“I’ll eat some if you do,” Nana replies softly. Which means yes. Nana only ever agrees to wanting something if someone else asks for it first. She’d never be the first to ask. In her words, she’s “not the pioneering sort.”

“I’ve never had it before,” I say.

“Never? Tina Louise how come my granbaby’s never had boudin before?” she admonishes.

Mom cocks her head and smiles teasingly. “You never taught me how to make it, Mama. And you know, ain’t no good boudin in Colorado.”

As we weave down the narrow midcentury streets towards the boudin shop (“more of a cart, really,” Nana clarifies before my expectations can solidify), Nana tells us about the families that used to inhabit each house. They’ve all died or moved to be nearer grandchildren or aging siblings.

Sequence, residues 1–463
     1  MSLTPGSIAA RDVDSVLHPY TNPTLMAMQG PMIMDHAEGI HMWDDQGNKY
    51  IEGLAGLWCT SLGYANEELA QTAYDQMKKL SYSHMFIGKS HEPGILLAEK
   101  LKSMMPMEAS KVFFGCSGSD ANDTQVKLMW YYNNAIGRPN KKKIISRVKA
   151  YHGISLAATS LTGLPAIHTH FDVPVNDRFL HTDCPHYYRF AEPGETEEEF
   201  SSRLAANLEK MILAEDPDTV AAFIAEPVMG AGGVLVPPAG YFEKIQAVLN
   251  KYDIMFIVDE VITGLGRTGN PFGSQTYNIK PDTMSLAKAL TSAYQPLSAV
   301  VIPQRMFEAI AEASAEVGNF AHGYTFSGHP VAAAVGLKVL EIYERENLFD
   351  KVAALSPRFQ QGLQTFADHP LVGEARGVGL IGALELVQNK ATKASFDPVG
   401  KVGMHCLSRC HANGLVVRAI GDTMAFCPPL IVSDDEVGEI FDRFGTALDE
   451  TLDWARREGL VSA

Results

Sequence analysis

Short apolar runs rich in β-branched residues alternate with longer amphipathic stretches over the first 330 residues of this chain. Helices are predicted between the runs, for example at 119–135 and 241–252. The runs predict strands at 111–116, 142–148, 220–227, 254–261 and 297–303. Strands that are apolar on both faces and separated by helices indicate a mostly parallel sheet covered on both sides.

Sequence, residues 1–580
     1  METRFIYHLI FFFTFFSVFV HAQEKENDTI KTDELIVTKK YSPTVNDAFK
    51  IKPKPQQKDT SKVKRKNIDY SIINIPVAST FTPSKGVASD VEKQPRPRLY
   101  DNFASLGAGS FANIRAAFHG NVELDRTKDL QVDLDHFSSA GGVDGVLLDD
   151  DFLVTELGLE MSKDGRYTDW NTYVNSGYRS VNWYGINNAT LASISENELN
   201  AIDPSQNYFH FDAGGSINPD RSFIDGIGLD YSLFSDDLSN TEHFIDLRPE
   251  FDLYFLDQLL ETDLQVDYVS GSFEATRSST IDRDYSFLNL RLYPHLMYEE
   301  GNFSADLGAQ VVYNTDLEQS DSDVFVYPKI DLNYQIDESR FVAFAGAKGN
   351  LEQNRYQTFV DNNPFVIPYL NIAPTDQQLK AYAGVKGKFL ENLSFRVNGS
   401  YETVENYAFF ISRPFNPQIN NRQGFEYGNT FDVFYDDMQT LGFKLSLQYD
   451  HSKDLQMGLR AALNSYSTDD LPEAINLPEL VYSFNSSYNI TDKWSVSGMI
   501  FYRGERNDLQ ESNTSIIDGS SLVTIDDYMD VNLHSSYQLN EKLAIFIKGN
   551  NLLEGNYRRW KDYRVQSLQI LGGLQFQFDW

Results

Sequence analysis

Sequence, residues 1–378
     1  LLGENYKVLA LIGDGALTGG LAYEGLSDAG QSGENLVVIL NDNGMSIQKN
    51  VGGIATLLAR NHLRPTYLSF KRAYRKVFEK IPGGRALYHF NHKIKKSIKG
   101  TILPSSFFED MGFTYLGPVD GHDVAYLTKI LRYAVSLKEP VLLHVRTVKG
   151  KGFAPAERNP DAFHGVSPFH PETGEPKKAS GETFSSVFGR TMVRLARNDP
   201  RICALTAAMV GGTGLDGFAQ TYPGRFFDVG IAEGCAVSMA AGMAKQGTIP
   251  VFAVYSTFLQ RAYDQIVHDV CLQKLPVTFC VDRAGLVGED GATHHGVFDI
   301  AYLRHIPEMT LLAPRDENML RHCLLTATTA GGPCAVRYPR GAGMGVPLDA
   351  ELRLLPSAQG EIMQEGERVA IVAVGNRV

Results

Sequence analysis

We slowly pass a dilapidated clapboard house. Nana tells us it’s Granny’s house. Mom instinctively slows down, idling on the curb.

In the soft voice of someone frequently reminded children should be seen and not heard, Nana informs us Granny, her grandmother, went to jail. Very quickly Mom and I recognize the small act of courage taking place—Nana putting sound to events our polite Southern relatives never spoke about or even acknowledged as real.

The house sits buried amid weeds and crabgrass, almost completely shrouded by curtains of Spanish moss. The home’s maintenance has been abandoned like most things in Oakdale. Mom’s eyes stay on the road, despite the car’s stillness. Her mouth is set in a straight line, giving nothing away, but I notice we’re both holding our breath, so as not to scare Nana out of her reverie. We sit silently like bird watchers trying to hone in on an elusive songbird’s call.

“She shot her husband,” Nana explains.

Mom murmurs to me in an aside, “He was abusive.”